A phylogenetic tree was drawn using the Maximum Likelihood method and the Tamura-Nei model with 100 bootstraps. Analyses were conducted in MEGA X software ( Principal coordinate analysis (PCoA) was conducted with the Past 3.04 software using Euclidean distance [58].

The r2 statistic was estimated for each pair of SNPs using Plink v1.09 [59] to investigate the linkage disequilibrium (LD) decay in the entire population by using 37,317 SNP markers. Mean r2 was computed into 1 Kb intervals and LD decay curves was fitted using a non-linear model, with distance (Mb) values on the x-axis and r2 values on the y-axis.

Genome wide association study

Genome-wide association mapping using a compressed mixed linear model (CMLM) with population parameters previously defined (P3D) was performed in TASSEL [13, 60]. To minimize the confounding effects (e.g., population stratification, unequal relatedness among individuals) the model incorporated population structure covariates (Q matrix, according to the best number of 5 sub-populations) and the kinship (K matrix) estimated using the centered identity by state (IBS) for accounting relationships among individuals. The analysis has jointly implemented phenotypic data from the two locations. For traits for which no association was found, the analysis was performed considering each grown site independently. The significance threshold for marker-trait association was determined after Bonferroni multiple test correction with genome-wide α = 0.05. The P values was estimated according to the formula:

$$Pvalue=\frac{0.05}{no.\kern0.5em of\ markers\ }$$

Considering 37,317 SNPs, the marker was considered significant when the P value was less than 5.873 (−log10P = 1.339 × 10− 6). The phenotypic variation explained by each marker was the R2-value obtained from CLMM model. Circular Plot, Manhattan plot and QQ plots for GWAS results were produced using the R Package CMplot. The chromosomal location of the genome-wide significantly associated SNPs was displayed using PhenoGram (

In silico candidate gene identification

Physical mapping of significantly associated SNPs and functional annotation of the predicted underlying genes were performed using the Solanum lycopersicum SL4.0 genome browser ( For associated SNPs mapping within intron regions, we considered the nearest genes located upstream or downstream of the significant markers. Gene models were blasted against Tomato Genome Proteins (ITAG release 4.0) to determine the gene annotation.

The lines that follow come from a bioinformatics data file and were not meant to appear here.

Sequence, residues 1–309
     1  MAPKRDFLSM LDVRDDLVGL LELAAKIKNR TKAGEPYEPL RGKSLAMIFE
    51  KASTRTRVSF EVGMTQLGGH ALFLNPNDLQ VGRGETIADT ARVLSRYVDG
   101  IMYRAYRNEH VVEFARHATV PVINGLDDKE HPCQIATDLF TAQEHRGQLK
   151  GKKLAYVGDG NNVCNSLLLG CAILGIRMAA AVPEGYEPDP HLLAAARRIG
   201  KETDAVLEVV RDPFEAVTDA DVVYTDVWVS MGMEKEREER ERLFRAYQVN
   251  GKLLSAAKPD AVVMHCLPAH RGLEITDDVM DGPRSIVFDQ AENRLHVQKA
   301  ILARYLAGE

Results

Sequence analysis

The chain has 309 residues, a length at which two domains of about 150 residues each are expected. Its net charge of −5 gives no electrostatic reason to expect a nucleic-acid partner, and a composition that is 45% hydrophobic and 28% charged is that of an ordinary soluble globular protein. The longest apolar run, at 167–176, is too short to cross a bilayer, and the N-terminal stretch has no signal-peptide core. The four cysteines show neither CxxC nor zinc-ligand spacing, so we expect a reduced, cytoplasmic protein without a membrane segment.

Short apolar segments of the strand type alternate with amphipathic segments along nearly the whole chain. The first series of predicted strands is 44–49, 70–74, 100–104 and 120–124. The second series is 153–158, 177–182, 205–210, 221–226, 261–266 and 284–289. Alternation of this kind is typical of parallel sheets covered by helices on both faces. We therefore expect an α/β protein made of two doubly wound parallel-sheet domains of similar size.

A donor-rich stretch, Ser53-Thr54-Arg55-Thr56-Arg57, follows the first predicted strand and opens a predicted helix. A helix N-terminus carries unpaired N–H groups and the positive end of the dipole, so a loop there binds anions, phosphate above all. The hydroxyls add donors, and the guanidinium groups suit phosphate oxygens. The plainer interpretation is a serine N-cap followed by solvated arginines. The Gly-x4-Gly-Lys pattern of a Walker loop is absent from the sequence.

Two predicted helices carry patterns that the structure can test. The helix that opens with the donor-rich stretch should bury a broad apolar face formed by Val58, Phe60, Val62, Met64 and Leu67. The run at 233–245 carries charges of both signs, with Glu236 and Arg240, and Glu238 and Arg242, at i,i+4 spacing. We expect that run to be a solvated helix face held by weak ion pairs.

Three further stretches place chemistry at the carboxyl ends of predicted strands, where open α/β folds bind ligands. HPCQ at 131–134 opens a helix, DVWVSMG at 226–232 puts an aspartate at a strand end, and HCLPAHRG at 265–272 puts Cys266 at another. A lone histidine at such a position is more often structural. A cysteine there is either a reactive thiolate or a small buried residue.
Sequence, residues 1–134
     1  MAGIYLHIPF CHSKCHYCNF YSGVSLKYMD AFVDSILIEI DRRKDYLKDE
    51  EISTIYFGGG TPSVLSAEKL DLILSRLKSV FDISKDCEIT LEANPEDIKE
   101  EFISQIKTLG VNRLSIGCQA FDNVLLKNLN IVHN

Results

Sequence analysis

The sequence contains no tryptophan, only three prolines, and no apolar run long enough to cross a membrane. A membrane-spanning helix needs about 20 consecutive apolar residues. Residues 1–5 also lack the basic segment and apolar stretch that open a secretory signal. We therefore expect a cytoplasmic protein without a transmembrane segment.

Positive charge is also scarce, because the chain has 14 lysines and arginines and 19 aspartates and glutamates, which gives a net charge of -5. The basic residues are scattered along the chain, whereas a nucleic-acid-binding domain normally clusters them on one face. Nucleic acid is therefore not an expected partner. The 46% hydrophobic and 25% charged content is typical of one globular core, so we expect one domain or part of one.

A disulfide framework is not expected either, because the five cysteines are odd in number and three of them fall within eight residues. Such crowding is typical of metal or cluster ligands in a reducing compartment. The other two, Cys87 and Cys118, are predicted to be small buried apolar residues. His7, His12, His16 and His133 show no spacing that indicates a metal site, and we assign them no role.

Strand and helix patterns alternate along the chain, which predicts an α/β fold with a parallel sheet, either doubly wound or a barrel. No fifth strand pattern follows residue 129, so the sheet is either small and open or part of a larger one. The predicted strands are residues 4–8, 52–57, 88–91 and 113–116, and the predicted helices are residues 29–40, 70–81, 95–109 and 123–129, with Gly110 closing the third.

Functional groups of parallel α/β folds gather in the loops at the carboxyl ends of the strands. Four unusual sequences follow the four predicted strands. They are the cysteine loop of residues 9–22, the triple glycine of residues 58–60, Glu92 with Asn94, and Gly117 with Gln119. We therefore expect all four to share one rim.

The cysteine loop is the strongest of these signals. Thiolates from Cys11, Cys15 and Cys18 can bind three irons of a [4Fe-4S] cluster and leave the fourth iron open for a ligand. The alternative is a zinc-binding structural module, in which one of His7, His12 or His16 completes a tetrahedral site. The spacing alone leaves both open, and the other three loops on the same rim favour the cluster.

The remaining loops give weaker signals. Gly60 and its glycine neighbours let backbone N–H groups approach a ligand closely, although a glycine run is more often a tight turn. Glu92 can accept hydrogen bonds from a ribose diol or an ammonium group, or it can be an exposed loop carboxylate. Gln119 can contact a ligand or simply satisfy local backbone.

Availability of data and materials

The genomic raw sequence data analysed during the current study are available in the NCBI-SRA (National Center for Biotechnology Information Short Read Archive) repository database under the accession number BioProject ID PRJNA638535. The phenotypic raw datasets used and analysed during the current study available from the corresponding author on reasonable request.



Genome-wide association study


Minimum allele frequency


Compression linear mixed model


Linear mixed model


Linkage disequilibrium


Markov Chain Monte Carlo


Phenotypic coefficient of variance


Genotypic coefficient of variance


Genetic advance as a percentage of the mean


Long shelf life




Breeding lines


Principal coordinate analysis


Total sums of squares


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The authors wish to acknowledge Nazzareno Acciarri for the genetic material provided and for helping to plan the experimental trial, Sandro Fabrizi, Maria Assunta Dattoli and Vittoria Di Filippo for technical support.


This research was supported by the European Union Horizon 2020 Research and Innovation program for funding this research under grant agreement No 774244 (Breeding for Resilient, Efficient and Sustainable Organic Vegetable Production; BRESOV) and by ‘RGV-FAO’project funded by the Italian Ministry of Agriculture, Food and Forestry. The funding bodies were not involved in the design of the study, collection, analysis, and interpretation of data, and in writing the manuscript.

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P.T., J.P., T.C., M.J.D. conceived the project and coordinate experiments. M.J.D., G.C., S.Se., S.So., M.R.F., provided germplasm and outlined the phenotyping protocol. F.L., G.C., designed field experimental layout and managed field trial in Italy; S.Si., F.L., A.B., A.P., D.P., C.P., performed phenotypic characterization in IT, G.C. provided the plant photos in Italy. S.So., M.R.F., C.C. designed field experimental layout and managed field trial in Spain; M.R.F., C.C., E.S., L.P.-D., R.B., E.R.-M., performed phenotypic characterization in Spain. P.T. analyzed phenotypic data and performed the genetic analysis, P.T. and S.E. performed the bioinformatic analysis. P.T. drafted the manuscript, T.C., M.J.D., and J.P. carefully revised the manuscript. All authors discussed the results and commented on the manuscript. The authors read and approved the final manuscript.

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Correspondence to Pasquale Tripodi or Jaime Prohens.

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Tripodi, P., Soler, S., Campanelli, G. et al. Genome wide association mapping for agronomic, fruit quality, and root architectural traits in tomato under organic farming conditions. BMC Plant Biol 21, 481 (2021).